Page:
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The Columbia Press

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What gives them the right to take away our rights?

Wednesday, March 25, 2020

Americans love their freedom. Take some of it away and there will be angry protests.

Yet the president of the United States, the state, the county and the cities are allowed to take some freedoms away during times of crisis or emergency.

In Oregon, cities or counties have authority under Oregon Revised Statutes Chapter 401 to declare a state of emergency.

Cities and counties long have been required to have an adopted emergency operations plan and a designated emergency services coordinator. In Warrenton, the city manager is the coordinator.

If the entity has completed all of the above, it may take action deemed necessary to prevent, minimize, respond to or recover from an emergency.

Violating the orders is a Class C misdemeanor with sentences of 30 days in jail, a fine up to $1,250, or both.

Oregon State Police provided a fact sheet for those questioning the authority.

Is this martial law?

No, not even close. There are no curfews and a person’s movements are not restricted. While details are offered in the order relating to social distancing, specific business closures and nonessential social gatherings, Oregonians’ movements are generally unrestricted.

Do I need documentation from my employer deeming me essential?

No. … The affected businesses are those that would make close contact difficult or impossible to avoid.

Do I need a special placard on my vehicle when going to work or if I drive for work? Could I be pulled over for driving on the highway?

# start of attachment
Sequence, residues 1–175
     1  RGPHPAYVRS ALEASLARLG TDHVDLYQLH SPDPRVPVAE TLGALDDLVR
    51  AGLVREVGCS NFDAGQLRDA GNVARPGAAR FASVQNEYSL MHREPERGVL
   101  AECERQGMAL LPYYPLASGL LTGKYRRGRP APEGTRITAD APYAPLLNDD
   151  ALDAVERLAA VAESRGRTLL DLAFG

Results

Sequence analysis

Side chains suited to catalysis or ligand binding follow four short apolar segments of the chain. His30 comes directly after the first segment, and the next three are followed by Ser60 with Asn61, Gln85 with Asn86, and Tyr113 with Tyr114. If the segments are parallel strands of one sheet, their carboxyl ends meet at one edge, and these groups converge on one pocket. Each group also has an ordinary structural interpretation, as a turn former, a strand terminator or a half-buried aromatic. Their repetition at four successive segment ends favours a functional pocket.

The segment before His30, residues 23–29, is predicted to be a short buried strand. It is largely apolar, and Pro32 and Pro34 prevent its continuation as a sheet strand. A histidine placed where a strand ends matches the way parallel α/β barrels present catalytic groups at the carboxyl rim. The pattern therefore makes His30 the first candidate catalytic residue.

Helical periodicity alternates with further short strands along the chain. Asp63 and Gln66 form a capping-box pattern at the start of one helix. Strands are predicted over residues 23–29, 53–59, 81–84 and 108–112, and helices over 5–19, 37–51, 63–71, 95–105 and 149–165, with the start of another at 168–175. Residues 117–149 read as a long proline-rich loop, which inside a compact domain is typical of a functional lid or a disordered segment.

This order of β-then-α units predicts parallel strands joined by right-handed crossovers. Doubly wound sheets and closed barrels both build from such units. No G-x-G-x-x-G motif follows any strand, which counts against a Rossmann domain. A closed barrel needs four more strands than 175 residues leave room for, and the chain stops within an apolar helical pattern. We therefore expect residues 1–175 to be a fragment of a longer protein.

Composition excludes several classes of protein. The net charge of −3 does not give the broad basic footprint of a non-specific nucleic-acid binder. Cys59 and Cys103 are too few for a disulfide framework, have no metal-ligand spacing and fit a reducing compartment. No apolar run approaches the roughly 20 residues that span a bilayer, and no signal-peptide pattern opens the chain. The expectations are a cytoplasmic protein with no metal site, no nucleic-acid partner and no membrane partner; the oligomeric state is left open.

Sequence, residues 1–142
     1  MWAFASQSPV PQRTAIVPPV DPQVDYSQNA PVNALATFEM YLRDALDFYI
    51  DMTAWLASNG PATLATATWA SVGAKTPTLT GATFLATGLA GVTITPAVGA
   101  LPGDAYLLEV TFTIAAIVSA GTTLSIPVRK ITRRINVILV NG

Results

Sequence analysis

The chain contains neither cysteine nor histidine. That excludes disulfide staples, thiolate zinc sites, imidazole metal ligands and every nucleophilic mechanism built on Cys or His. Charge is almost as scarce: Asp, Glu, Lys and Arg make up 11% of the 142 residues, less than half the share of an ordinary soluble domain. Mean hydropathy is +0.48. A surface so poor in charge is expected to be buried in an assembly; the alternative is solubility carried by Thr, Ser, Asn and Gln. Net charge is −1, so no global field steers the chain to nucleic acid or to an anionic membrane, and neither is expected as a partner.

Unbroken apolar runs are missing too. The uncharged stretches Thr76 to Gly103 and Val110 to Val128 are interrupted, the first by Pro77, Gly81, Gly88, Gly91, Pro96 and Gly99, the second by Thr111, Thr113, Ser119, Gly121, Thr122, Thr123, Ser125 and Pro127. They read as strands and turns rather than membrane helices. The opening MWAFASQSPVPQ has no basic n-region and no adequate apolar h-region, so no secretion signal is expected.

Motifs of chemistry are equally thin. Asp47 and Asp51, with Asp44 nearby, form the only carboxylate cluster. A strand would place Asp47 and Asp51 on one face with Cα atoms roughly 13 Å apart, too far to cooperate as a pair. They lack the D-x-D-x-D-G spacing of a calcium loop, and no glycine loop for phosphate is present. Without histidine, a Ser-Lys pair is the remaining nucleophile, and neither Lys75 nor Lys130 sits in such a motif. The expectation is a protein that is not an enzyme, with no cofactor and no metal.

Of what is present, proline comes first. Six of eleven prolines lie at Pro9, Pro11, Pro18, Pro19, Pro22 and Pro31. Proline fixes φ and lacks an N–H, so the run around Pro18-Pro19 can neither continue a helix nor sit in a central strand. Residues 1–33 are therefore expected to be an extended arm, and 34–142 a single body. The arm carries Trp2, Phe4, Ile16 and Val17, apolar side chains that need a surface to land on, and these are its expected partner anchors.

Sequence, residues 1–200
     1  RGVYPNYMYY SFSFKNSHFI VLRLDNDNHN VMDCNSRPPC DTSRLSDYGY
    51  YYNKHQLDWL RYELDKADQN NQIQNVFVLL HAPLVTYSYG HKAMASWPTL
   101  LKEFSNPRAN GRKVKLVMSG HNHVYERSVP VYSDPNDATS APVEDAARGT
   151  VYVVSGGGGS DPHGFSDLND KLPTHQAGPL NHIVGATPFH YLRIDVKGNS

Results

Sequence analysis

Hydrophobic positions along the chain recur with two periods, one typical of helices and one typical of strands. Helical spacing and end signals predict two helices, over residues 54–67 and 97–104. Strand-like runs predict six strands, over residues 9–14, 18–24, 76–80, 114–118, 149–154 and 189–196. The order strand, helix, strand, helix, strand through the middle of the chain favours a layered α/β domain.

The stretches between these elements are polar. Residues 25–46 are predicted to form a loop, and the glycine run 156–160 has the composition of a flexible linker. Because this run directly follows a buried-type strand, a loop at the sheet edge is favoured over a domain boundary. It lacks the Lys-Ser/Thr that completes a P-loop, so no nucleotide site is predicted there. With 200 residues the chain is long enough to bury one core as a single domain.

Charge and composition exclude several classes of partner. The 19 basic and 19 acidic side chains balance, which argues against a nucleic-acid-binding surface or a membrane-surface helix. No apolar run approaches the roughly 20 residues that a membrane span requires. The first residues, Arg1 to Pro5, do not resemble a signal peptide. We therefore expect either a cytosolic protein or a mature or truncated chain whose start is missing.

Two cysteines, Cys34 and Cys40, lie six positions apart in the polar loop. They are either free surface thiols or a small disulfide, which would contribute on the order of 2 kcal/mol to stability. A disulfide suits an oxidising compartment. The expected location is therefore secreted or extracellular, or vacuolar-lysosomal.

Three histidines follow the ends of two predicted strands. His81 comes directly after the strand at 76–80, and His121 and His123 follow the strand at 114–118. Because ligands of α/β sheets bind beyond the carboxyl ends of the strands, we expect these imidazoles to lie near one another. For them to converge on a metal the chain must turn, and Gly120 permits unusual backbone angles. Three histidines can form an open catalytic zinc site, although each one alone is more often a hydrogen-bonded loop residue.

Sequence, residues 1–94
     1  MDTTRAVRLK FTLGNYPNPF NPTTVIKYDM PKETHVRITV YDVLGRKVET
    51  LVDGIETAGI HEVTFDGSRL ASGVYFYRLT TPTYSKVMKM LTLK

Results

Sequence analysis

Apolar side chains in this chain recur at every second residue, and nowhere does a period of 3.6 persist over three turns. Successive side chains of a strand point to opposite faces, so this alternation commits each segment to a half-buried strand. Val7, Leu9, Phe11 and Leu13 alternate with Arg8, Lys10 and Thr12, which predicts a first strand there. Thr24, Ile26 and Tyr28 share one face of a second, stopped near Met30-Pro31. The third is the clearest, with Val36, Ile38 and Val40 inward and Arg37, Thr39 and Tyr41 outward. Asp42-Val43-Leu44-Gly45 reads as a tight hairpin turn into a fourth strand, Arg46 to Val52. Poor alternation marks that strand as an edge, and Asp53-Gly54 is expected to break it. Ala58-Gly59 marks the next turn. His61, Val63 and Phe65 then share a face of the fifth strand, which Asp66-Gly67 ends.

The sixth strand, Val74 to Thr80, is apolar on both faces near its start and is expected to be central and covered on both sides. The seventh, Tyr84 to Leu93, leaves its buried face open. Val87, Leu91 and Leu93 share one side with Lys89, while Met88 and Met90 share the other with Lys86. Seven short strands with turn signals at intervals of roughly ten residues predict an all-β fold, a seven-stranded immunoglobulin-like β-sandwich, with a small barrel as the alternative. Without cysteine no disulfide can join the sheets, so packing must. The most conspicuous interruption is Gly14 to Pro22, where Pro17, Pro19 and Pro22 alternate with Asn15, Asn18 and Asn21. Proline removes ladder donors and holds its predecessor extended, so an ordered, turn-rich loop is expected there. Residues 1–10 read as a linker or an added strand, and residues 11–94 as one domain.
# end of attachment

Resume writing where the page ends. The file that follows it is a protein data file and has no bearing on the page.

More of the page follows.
If my business is closed, can I still go to work if my employer makes me?

While the order prohibits the public from congregating at a closed business, the employer may still have work to do on site. As long as employees are not conducting business that’s prohibited by the executive order, it is OK to still be at the worksite.

Are rest areas open?

Yes, generally. Some rest areas are connected to parks, which are currently closed to comply with the executive order.

Are police arresting or ticketing people in public or in violation of the governor’s executive order?

People who violate the governor’s order in an emergency declaration could be arrested or cited, which is a C misdemeanor, the lowest level of criminal conduct designation. All Oregon law enforcement are united on the premise that police action is extremely undesirable and we hope to educate Oregonians if congregating in violation of the order. Citation or arrest would be an extreme last resort if a person failed to comply with the lawful direction of a police officer.

What about my kids that may congregate in a place without my permission, like a skate park?

Police know our children don’t often take their parent’s advice and may ignore direction when away. Like adults found to be congregating in a location, officers will likely approach the youths and educate them on the order. Citations and arrest are extremely unlikely, reserved for only the most extreme circumstances.

Can I still go hiking and fishing? Can I take a walk on the beach?

Yes. Oregonians can still recreate outdoors, if their recreational activity involves no contact with others and they can maintain appropriate social distancing, which is defined as 6 feet or more from others. Oregonians and visitors to our state should be aware most campgrounds and boat ramps are closed, so you should research your plans before recreating.

Should I call 911 if I see people congregating?

No. The level of this violation is not for reporting police, fire or medical emergencies through 911. People may choose to self-educate their fellow Oregonians or, if a large gathering is noted, they may call their respective police agency’s nonemergency number.

In Warrenton, that number is 503-861-2235. In Astoria and unincorporated parts of Clatsop County, the number is 53-325-8661.

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